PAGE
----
When Congress returns next week it will find an urgent supplemental appropriations bill waiting for it to bail out four agencies: the U.S. Customs Service, which wants an extra $3.4 million; the Merit Systems Protection Board, $4 million; the U.S. Tax Court, $1.5 million, and the Treasury Department's Bureau of Alcohol, Tobacco and Firearms, $15.7 million. The bill also includes a request for $81.6 million for the Bureau of Government Financial Operations, but that is because of a change in accounting methods, not because of a lack of funds.

The agencies are funded through the Treasury, Postal Service and general government appropriations bill that has been stymied this year by attempts to tack a controversial anti-abortion amendment onto it. Since December, the agencies have been operating under a continuing resolution that cut their fiscal 1982 budgets by 16 percent.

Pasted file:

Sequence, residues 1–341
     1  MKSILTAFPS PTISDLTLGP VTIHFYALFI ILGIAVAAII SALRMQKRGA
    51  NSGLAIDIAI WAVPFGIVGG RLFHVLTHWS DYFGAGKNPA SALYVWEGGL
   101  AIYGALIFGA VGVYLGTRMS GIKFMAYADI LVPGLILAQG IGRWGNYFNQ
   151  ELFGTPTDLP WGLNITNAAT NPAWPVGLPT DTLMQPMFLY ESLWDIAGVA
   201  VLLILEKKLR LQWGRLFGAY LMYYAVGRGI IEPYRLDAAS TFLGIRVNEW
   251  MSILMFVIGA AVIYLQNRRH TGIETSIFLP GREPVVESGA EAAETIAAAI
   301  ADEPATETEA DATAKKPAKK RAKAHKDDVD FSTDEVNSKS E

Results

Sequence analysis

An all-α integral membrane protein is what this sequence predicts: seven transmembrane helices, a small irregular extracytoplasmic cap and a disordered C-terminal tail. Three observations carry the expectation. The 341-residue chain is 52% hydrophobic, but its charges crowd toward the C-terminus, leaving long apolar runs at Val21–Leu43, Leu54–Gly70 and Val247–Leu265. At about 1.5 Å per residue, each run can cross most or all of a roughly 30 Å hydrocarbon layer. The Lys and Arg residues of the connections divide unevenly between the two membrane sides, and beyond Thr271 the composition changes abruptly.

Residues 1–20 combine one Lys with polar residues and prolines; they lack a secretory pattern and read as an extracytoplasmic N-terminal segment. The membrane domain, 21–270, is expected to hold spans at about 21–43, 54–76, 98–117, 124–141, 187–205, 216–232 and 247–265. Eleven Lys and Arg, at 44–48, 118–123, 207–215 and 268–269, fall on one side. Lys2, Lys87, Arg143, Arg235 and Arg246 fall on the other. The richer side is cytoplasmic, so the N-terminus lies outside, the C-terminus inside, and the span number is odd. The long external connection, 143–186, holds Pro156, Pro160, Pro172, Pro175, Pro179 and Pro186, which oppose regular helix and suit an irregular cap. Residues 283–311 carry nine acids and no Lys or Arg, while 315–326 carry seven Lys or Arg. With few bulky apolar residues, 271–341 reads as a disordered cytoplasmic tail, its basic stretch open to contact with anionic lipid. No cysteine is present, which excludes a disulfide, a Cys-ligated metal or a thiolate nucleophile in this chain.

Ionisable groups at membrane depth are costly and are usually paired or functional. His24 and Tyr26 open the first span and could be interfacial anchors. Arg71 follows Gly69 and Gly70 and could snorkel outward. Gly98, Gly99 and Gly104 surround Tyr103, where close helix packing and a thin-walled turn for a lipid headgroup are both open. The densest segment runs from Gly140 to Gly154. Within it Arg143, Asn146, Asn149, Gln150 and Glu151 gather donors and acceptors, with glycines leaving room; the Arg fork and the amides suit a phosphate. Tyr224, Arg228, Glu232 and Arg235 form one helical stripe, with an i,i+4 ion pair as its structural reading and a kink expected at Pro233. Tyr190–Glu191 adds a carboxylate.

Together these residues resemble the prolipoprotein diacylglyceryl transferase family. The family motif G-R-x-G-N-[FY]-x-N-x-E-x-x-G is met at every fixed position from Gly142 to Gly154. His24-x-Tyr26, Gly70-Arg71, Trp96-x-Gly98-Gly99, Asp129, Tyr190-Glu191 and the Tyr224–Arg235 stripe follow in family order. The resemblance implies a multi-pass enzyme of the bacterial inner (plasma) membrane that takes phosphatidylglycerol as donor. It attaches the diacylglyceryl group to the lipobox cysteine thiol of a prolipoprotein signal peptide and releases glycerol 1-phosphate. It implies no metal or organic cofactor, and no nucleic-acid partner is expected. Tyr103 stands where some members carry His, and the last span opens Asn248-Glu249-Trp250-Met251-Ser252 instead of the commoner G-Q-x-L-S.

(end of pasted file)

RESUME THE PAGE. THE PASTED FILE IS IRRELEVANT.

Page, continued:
The agencies have been in trouble ever since. The Tax Court has threatened to stop holding hearings, and the merit systems board, which was trying to resolve 11,000 air traffic controller cases, called the budget cuts impossible.

Congress is expected to approve funding for three of the agencies without much trouble, but the BATF, which may be going out of business anyway, may not be as lucky. One House committee already has said it doesn't believe BATF's situation is critical. About a dozen other agencies caught in the crunch won't get any help this time out.